Systems change is so difficult because is the link between the past, present and future is tight and often invisible.
The term “system(s) change” is often used without a clear sense of what it means.
What is the system that needs to be changed and how is that system defined? These are two important questions that will shape the answers.
Systems are also affected by history and this ‘memory’ within a system is an important, yet often neglected part of understanding change.
Remembering where systems started is an important signal for where they can go.
Memory and Pathways
In complex systems the concept of ‘memory’ is represented partly by path dependence. Path dependencies are the patterns of activity that are entrenched within a system by past activity. To Illustrate, consider the first person to encounter a field of grasses with any possible route from one end to the other. That person will make their choice and create a pathway. The second person who arrives after the first has the same choices, yet already has a partial pathway laid out for them so they might take that. Soon, there is a clear, distinct pathway that has formed.
Despite this pathway the choices available to someone looking to cross the field haven’t changed at all; it only feels that way.
These initial path-defining choices might not be the most useful and unless we remember how they were made and what went into them, we may find ourselves unnecessarily bound by them.
Reflective practice can help us to remember our decisions and document our design choices. It helps us determine why we build the systems we do and what assumptions inform our designs.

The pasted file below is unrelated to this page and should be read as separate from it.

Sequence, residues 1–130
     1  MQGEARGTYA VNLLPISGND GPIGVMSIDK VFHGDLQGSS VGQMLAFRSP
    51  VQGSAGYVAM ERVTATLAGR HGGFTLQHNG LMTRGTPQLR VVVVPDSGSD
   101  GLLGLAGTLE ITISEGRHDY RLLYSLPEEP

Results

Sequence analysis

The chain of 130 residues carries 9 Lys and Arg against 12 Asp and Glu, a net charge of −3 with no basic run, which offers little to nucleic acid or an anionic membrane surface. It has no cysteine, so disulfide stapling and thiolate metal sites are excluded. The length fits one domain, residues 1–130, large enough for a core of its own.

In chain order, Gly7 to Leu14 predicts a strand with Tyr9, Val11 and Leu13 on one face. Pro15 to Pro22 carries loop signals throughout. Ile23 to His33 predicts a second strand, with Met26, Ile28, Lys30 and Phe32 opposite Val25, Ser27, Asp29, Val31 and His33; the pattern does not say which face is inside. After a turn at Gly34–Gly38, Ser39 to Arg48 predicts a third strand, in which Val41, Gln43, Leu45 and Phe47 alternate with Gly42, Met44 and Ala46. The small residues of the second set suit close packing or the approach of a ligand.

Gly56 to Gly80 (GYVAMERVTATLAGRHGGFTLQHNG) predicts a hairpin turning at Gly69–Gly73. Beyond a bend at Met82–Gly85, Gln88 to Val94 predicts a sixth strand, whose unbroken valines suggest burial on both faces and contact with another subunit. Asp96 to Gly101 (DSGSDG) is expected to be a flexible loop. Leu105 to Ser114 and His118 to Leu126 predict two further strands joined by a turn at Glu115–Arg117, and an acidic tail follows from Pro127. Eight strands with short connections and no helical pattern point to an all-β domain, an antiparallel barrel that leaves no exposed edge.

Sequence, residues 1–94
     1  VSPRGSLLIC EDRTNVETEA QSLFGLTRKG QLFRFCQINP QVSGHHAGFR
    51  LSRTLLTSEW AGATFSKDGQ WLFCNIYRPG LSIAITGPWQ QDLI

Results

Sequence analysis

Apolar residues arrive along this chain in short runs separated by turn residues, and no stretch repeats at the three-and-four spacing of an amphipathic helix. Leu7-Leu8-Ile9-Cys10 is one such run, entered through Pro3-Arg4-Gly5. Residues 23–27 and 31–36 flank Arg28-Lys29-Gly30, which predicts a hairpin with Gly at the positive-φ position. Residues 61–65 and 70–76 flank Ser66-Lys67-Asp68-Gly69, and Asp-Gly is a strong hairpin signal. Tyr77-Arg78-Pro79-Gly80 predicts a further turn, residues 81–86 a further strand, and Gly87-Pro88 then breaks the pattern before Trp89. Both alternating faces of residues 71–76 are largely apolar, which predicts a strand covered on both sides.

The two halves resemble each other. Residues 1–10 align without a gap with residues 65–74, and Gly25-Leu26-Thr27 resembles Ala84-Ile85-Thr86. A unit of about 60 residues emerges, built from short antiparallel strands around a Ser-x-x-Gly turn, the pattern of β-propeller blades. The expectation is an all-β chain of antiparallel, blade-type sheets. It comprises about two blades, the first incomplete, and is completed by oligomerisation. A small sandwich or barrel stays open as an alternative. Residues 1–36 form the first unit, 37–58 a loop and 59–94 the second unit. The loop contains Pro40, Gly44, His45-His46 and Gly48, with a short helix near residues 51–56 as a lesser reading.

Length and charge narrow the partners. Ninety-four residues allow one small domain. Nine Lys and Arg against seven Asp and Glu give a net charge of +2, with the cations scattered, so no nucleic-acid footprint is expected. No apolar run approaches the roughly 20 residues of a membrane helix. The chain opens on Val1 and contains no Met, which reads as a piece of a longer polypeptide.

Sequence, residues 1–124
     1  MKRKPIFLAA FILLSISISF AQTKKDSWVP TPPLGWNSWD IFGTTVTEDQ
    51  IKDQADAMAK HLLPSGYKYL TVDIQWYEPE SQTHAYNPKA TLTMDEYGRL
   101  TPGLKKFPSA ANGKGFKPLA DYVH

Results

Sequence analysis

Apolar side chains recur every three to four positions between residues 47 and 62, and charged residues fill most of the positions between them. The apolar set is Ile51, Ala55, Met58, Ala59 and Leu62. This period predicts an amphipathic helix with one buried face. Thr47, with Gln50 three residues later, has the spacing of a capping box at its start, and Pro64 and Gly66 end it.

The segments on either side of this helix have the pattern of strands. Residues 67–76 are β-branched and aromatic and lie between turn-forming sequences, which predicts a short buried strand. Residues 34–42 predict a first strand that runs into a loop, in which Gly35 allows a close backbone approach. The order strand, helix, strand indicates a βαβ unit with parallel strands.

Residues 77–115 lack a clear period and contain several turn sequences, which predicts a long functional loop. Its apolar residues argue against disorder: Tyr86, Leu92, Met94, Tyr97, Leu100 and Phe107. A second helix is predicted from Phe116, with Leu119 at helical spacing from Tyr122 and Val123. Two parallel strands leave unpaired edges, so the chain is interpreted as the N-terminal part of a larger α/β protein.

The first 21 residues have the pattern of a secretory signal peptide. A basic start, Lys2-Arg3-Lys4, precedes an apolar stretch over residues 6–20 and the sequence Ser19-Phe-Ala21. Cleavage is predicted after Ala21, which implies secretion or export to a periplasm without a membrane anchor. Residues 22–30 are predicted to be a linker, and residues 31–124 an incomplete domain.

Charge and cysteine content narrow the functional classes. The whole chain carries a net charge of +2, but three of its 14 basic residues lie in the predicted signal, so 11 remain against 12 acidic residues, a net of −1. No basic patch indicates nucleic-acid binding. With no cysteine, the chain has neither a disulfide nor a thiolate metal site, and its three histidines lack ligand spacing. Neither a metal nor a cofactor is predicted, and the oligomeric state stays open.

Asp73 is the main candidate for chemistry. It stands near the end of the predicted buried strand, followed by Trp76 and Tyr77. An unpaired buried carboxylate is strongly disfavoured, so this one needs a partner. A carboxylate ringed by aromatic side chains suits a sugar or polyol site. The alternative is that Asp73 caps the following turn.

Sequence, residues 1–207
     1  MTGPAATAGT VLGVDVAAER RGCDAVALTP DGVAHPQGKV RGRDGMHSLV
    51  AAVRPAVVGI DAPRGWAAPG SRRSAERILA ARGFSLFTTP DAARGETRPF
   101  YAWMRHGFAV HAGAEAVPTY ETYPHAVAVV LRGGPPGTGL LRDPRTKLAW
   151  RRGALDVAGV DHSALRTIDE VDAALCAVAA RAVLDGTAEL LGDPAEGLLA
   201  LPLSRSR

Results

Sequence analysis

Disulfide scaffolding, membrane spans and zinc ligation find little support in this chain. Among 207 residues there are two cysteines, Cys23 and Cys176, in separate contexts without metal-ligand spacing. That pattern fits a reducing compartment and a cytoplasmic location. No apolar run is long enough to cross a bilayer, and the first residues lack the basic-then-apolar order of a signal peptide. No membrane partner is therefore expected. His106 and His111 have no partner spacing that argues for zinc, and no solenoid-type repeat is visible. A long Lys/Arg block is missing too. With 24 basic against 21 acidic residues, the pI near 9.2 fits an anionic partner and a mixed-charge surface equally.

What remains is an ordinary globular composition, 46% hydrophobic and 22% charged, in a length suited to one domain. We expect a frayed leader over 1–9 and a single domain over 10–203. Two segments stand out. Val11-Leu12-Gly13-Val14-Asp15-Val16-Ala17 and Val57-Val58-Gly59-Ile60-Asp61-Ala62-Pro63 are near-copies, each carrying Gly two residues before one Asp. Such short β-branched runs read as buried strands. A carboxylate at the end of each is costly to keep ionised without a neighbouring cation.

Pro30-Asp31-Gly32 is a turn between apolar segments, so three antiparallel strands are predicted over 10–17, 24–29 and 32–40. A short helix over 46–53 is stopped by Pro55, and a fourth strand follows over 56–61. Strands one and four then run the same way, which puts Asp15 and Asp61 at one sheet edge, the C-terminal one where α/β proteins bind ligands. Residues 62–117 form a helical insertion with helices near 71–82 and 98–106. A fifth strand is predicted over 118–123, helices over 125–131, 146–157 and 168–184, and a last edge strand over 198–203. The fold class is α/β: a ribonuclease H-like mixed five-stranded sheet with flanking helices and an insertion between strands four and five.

At Cense, we use something called a Living History to document these decisions as part of a developmental evaluation. A Living History captures the decisions, activities, assumptions, and conditions that inform actions. Its utility is in helping us remember what was done and why. It helps to create a context for understanding the system that any program exists and assess the path dependencies.
A Living History is more than a diary — it’s a record to connect ideas with actions. It’s also a vehicle for remembering and allowing us to trace back what we do today to what we designed in the past.
By articulating the design of the system we can better determine what needs to change. Too often the focus of change might not be the ‘thing’ that is best reflective of the systems’ problems. Knowing what the system was designed to do allows us to assess what the system can do and then what it ought to do.
As W. Edwards Deming famously said “Every system is perfectly designed to get the results it gets.”
When we remember what went into our design, we can better understand our results.